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Daily infections of 45,000 to cost Israel $800m every three weeks, says central bank

Bank of Israel governor says economic hit could come from workers getting sick or stuck in isolation

Ricky Ben-David is The Times of Israel’s Tech Israel editor and reporter.

Bank of Israel Governor Amir Yaron speaks during a press conference at the Bank of Israel in Jerusalem, on January 7, 2019. (Noam Revkin Fenton/Flash90)
Bank of Israel Governor Amir Yaron speaks during a press conference at the Bank of Israel in Jerusalem, on January 7, 2019. (Noam Revkin Fenton/Flash90)

If Israel reaches 45,000 confirmed COVID-19 infections a day, this could cost the economy about NIS 123 million ($39.18 million) daily and up to NIS 2.5 billion ($800 million) every 20 days, the Bank of Israel estimated Monday.

The highly contagious Omicron coronavirus variant is currently sweeping Israel, driving up infection rates to record highs but with a peak still ahead. Virus czar Professor Salman Zarka said Monday that it is about 3-5 weeks away and warned that a “significant lockdown” would have to be considered.

The Bank of Israel’s Governor Amir Yaron spoke at the Knesset Finance Committee Monday to present the central bank’s estimates on the economy.

“At this point, we are not talking about a macro-economic development,” Yaron said. “Most estimates are of a relatively short wave — a number of weeks — that is why the cost to the economy per confirmed coronavirus case is not of macro-economic proportions,” he said, according to a Reuters translation.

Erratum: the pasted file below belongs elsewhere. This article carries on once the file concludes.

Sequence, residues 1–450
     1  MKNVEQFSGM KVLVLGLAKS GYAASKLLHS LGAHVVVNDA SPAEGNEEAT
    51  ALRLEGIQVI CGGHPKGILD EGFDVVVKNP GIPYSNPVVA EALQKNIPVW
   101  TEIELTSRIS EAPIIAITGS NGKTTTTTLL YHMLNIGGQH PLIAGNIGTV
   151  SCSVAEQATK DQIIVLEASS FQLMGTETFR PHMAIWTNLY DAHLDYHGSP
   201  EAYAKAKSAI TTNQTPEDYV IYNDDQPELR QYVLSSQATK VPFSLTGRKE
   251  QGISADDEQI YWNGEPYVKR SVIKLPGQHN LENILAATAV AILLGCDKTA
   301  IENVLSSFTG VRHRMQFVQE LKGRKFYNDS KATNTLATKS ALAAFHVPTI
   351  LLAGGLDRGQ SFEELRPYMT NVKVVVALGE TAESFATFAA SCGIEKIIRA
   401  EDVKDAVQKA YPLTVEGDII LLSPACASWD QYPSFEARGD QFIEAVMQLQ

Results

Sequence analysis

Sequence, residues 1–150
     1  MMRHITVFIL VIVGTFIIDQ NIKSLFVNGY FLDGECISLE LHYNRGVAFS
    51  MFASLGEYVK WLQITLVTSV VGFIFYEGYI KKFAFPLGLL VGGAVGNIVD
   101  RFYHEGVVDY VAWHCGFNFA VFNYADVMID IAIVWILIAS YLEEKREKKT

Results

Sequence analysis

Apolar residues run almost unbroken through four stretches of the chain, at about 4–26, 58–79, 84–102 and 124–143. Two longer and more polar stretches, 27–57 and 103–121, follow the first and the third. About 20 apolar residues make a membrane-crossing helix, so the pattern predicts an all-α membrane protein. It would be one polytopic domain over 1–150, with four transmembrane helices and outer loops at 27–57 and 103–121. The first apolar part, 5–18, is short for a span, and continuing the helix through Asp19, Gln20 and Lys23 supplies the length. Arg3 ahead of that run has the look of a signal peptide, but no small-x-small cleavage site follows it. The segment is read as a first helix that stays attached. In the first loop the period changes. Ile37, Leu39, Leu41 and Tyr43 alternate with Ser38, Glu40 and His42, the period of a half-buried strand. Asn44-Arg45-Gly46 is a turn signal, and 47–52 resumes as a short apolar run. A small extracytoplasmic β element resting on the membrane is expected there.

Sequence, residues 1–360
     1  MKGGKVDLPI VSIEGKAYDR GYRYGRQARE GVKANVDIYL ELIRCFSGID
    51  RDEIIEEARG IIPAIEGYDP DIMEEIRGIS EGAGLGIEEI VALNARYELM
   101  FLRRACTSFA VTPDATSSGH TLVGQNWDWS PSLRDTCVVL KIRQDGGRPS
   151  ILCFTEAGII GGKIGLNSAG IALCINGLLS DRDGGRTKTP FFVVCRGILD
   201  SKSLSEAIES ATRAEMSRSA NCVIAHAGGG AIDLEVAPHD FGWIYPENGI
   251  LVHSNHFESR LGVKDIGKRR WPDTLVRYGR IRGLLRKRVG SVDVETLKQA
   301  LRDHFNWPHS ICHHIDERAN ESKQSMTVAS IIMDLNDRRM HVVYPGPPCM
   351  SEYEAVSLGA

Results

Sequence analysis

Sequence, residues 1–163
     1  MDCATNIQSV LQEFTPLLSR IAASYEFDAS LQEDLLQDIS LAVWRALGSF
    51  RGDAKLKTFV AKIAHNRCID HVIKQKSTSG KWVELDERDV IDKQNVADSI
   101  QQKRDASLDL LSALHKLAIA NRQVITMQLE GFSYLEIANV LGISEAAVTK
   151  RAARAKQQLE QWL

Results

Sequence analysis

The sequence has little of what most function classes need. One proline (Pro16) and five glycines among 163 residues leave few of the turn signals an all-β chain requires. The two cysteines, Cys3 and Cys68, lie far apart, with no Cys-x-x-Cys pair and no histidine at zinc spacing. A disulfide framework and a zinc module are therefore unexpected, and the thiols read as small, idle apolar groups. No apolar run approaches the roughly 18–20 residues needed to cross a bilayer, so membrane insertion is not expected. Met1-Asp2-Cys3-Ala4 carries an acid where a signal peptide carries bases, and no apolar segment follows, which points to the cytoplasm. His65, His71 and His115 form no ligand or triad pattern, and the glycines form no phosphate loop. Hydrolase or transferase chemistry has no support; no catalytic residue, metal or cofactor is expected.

Yaron said the slump would come from possible masses of workers getting sick or stuck in isolation, impacting economic activity and consumption.

The daily cost of isolation to a person was estimated at NIS 273 ($87) a day, according to a central bank presentation to the committee.

Prime Minister Naftali Bennett said that information presented to the cabinet on Sunday showed the likelihood that “a total of 2 to 4 million citizens will be infected during this current wave.”

Yaron told the finance committee that the government should prepare for worst scenarios where certain economic sectors could be severely hit and “could bring about macro-economic damage.”

In previous lockdowns imposed by the last government headed by Benjamin Netanyahu, different forms of aid were granted to hard-hit businesses, a move Finance Minister Avigdor Liberman said he was not hoping to repeat.

In a press briefing Monday, Liberman dismissed the reported suffering of some business owners, particularly restaurateurs, some of whom have reported that their profits have been halved.

“I’ve seen business owners talk about losses,” Liberman said. “I’ve seen the dividends they’ve gained. Any business that is harmed needs to be helped. All businesses are in excellent shape and I am happy for it. All the shops and restaurants were full in Modi’in. As of today, from talks with businesspeople, the problem is manpower shortages.”